Other Free Encyclopedias » Medicine Encyclopedia » Aging Healthy - Part 3 » Nurse Practitioner - Beginnings, Education And Licensure Requirements, Current Roles And Functions, Future Of The Nurse Practitioner

Nurse Practitioner - Current Roles And Functions

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The NP is now recognized as a registered nurse with specialized skills and knowledge in health assessment and promotion, counseling, disease prevention, and management of selected health problems. While both the PA and the NP undertake medical functions, the NP does so as a registered nurse, applying advanced nursing knowledge. In collaborative practice, NPs and physicians provide health care to a specific population of patients, sharing authority for providing care within the scope of their practice. NPs have shared competencies with physicians and other health professionals, and upon completing specific education have been delegated to perform selected medical functions.

NPs demonstrate a high degree of professional autonomy; working in environments where they are supervised employees of physicians (in a family practice office), in collaborative practices (as in a geriatric ambulatory clinic), or in solo practices (community health care drop-in centers). NPs bring additional skills to the care of patients, including provision of disease-prevention counseling, health education, and health promotion activities, as well as more time than physicians to spend talking to patients. The physician will always be the primary professional providing diagnosis and treatment in complex cases and managing patients with critical and unstable medical conditions.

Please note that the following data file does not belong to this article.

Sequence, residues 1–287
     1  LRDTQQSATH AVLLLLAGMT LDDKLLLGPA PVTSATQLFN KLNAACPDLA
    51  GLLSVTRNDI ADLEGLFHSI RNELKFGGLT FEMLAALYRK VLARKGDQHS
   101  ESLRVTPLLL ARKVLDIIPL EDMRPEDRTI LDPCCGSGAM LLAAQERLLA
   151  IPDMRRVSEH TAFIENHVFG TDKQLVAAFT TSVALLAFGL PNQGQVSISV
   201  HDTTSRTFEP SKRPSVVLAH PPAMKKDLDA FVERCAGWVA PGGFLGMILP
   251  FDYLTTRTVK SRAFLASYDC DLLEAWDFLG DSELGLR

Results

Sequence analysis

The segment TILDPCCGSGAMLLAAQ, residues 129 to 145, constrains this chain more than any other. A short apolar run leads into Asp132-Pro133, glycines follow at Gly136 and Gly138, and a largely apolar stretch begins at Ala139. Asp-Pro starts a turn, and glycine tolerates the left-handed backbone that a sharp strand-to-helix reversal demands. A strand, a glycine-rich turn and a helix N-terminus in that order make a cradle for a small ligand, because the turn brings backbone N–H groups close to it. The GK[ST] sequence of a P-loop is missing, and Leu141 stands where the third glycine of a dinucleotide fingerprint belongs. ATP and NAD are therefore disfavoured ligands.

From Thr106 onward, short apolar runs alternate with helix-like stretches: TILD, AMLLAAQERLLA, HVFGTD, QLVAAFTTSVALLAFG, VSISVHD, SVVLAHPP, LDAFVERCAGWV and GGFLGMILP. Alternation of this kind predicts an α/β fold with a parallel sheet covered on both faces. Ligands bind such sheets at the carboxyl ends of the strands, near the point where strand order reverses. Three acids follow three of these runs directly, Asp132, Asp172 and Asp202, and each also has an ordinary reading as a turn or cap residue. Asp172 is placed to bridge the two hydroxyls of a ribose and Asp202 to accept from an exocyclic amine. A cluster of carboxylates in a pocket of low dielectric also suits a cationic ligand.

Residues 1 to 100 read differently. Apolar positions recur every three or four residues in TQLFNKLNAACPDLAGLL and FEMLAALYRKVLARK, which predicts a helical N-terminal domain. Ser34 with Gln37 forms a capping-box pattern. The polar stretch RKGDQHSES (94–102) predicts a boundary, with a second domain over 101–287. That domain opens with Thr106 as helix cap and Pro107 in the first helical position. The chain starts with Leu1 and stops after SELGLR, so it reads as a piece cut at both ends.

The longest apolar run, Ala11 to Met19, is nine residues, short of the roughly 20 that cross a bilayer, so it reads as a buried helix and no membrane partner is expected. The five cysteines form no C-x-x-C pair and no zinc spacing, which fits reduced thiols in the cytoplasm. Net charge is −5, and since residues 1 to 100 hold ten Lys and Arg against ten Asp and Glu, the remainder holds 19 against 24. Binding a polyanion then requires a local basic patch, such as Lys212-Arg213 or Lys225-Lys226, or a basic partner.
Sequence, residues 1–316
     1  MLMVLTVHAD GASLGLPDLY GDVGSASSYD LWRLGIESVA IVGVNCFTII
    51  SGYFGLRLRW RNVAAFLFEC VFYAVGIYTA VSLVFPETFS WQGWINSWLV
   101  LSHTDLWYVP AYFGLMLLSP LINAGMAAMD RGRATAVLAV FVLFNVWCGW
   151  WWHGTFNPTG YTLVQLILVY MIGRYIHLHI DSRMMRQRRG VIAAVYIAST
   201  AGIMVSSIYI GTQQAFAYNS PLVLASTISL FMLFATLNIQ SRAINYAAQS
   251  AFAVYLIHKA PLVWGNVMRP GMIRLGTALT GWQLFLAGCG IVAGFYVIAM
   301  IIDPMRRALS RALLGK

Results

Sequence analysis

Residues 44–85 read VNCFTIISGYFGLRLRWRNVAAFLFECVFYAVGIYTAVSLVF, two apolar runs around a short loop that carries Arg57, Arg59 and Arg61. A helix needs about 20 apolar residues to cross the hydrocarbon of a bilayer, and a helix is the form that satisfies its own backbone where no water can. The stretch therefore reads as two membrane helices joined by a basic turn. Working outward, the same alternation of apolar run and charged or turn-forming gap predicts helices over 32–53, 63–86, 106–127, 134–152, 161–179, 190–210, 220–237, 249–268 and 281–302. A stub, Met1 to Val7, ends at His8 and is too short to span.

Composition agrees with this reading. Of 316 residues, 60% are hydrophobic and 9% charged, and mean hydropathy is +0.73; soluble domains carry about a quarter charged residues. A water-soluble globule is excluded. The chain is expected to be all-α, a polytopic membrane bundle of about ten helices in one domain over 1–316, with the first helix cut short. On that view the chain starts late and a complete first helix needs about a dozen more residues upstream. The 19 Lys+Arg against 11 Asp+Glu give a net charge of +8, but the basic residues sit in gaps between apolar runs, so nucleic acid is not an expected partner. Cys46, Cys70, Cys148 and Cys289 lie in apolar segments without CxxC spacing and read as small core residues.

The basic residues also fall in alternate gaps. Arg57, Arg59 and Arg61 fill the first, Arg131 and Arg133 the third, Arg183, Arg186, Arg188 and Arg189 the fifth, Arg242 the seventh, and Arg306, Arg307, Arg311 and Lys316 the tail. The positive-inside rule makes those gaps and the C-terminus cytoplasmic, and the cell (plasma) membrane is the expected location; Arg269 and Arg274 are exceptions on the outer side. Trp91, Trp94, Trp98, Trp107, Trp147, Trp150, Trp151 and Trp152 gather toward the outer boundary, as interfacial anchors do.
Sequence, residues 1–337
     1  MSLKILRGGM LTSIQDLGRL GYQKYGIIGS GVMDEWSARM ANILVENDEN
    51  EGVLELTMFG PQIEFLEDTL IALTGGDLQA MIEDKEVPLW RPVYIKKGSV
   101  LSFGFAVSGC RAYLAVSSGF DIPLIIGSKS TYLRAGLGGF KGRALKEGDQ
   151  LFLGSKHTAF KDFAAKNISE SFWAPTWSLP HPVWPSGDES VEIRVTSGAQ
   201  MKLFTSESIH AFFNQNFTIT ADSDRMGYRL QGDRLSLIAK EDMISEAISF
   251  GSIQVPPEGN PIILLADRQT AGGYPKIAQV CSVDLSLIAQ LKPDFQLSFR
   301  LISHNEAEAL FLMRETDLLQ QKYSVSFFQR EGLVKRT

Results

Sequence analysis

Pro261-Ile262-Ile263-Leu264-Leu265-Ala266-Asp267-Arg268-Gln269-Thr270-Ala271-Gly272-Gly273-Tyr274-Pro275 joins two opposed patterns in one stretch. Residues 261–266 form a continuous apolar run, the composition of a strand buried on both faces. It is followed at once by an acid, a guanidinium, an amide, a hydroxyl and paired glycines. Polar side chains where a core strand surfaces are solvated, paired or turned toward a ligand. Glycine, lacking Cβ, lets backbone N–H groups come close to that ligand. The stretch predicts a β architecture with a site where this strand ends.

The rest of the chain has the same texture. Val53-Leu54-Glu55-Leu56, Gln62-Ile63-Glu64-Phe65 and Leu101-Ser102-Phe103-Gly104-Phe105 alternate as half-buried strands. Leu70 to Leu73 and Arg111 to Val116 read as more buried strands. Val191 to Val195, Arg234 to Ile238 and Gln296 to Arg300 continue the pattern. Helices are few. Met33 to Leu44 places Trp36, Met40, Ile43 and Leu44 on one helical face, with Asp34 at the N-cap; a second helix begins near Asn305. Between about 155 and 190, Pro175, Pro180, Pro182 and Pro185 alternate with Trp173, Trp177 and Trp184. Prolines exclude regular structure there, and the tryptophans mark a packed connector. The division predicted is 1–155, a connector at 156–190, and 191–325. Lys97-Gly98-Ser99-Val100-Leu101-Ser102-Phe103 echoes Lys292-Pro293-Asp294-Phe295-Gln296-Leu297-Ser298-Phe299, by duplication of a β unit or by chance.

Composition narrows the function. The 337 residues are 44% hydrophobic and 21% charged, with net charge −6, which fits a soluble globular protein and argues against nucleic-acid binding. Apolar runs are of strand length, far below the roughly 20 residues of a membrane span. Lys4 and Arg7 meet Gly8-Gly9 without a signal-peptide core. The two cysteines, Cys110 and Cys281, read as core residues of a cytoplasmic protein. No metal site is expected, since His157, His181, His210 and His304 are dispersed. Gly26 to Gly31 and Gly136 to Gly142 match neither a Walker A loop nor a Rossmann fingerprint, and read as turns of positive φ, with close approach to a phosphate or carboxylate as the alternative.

Gerontological nurse practitioners (GNPs) provide elderly persons with services specifically tailored to frail individuals. Their scope of practice involves management of the patient from the community consultation, through diagnosis and treatment (emergency, outpatient, or inpatient), through home visits following discharge, including a comprehensive discharge plan. These activities have reduced hospital readmissions and costs of care, and have improved the continuity of care. Medical directives and protocols for specific problems, such as cardiac irregularities, delirium, and sudden shortness of breath, are examples of medical functions delegated to the GNP.

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